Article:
Pacific communities have always been resilient, surviving on islands in the middle of oceans for more than 3,000 years. But climate change is an unprecedented challenge.
COP25 has come and gone, another missed opportunity to use women's knowledge to mitigate climate change.
Vanuatu has banned them outright, while many Chinese families use just one every 24 hours. So why are Australians still sending millions of dirty nappies to landfill every single day?
Scott Morrison stepped up Australia's engagement with the Pacific by visiting Vanuatu and Fiji last week and announcing a bilateral partnership with the latter. Here's what he achieved.
Prime Minister Scott Morrison's historic visit to Vanuatu is centred around security. This fits a pattern shifting the focus from development to militarisation in Australia's Pacific foreign policy.
The reports are speculative at best, but that hasn't stopped a torrent of over-wrought commentary on Chinese military expansion and the potential threat to Australia.
Ambae does not fit the stereotypical image of a volcano, and it poses a significant threat.
The best of global cinema from Germany to Iran and Vanuatu.
Melanesia's oceans are worth at least US$5.4 billion, but are under increasing threat.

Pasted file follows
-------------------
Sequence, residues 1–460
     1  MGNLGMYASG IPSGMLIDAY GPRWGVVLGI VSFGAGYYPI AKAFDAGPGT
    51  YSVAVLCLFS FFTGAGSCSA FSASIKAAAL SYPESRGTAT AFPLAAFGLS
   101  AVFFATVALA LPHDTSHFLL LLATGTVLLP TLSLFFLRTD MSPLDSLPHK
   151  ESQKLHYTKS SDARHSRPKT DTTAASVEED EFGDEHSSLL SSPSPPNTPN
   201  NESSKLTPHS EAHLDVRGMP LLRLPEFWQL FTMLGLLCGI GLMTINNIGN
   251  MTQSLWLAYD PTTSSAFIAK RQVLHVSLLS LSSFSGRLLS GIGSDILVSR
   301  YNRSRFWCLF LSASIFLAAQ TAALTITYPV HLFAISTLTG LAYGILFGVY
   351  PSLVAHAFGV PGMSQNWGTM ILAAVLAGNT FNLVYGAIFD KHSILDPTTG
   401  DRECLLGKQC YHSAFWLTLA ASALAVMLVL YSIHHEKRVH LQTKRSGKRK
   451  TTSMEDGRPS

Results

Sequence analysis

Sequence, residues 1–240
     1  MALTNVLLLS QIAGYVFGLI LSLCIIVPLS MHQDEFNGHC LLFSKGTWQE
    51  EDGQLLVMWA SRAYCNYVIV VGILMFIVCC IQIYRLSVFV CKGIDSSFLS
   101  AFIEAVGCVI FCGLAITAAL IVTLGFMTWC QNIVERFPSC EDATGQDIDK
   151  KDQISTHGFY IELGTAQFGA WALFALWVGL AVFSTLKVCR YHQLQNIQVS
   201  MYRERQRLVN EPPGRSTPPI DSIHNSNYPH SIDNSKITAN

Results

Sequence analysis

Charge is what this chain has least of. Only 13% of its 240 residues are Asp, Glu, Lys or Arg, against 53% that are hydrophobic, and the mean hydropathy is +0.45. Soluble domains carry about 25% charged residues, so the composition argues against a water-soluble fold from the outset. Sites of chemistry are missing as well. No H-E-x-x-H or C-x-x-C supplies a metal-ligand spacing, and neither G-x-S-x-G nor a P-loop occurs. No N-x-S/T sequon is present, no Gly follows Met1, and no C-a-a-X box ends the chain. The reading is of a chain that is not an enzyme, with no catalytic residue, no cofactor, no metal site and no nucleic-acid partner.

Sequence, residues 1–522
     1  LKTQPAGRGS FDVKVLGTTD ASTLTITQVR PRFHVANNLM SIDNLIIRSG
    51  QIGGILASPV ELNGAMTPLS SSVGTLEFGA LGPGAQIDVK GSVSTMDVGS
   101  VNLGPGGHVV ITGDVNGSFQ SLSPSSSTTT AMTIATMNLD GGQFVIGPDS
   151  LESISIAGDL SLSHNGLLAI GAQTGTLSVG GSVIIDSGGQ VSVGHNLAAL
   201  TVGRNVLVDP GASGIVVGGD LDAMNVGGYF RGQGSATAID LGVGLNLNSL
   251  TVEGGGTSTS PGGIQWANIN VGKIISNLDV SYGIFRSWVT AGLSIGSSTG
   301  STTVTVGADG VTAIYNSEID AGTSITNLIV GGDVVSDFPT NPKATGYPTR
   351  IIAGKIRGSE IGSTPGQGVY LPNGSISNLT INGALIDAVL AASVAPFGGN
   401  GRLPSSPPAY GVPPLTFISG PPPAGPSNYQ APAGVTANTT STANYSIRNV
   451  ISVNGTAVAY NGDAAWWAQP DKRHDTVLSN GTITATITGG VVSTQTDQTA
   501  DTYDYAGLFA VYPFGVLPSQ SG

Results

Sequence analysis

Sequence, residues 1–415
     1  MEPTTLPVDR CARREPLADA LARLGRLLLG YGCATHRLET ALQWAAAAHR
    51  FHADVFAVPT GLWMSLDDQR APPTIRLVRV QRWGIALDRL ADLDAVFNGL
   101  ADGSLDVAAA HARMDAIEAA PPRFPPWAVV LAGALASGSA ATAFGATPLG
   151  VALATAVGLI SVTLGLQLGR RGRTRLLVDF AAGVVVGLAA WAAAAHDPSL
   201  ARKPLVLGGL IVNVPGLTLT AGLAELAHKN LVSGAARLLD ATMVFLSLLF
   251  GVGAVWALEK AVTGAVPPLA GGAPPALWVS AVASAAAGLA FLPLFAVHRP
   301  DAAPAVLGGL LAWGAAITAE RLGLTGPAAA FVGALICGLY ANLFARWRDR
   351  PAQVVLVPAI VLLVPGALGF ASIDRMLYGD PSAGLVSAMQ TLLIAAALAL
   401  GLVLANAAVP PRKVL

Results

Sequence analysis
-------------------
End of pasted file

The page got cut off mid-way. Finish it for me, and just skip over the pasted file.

Studying diverse languages gives us invaluable insights into human cognition but more become endangered every month.
The new Australian film Tanna, which won two awards at Venice Film Festival, is as much a tale about romance as it is globalisation.
As Prime Minister Tony Abbott attends the Pacific Island Forum summit today, attention has again turned to how the low-lying islands will deal with global warming.
Food has been scarce for many rural people in Vanuatu since Cyclone Pam -- but overall, they now have greater security of food supply than they did in the past.
One of the most hotly debated questions in Vanuatu has been about how communities can rebuild so that they are safer and more resilient to future cyclones. That's not as simple as you might think.
This Sunday marks 100 days since Cyclone Pam hit Vanuatu, with ceremonies in villages across the nation to mourn the 11 people who died. Meanwhile, islands left brown in the aftermath are green again.
To rely on tourism to rebuild Vanuatu's economy is lazy policy and economically fraught. There are other opportunities, despite the challenges.
Natural disasters are becoming more frequent, with more people with less money exposed to a greater number of hazards.
The people of Vanuatu have always had to cope with extreme weather events, but natural disasters on the scale of Cyclone Pam test their strengths and leave areas of vulnerability exposed.
Vanuatu's tourism industry has taken a beating from Cyclone Pam, but prospective visitors shouldn't think that will be the case long-term.
Any public health assessment of Vanuatu should include the identification of immediate needs and associated risks, as well as put in plans for mitigating future natural disasters.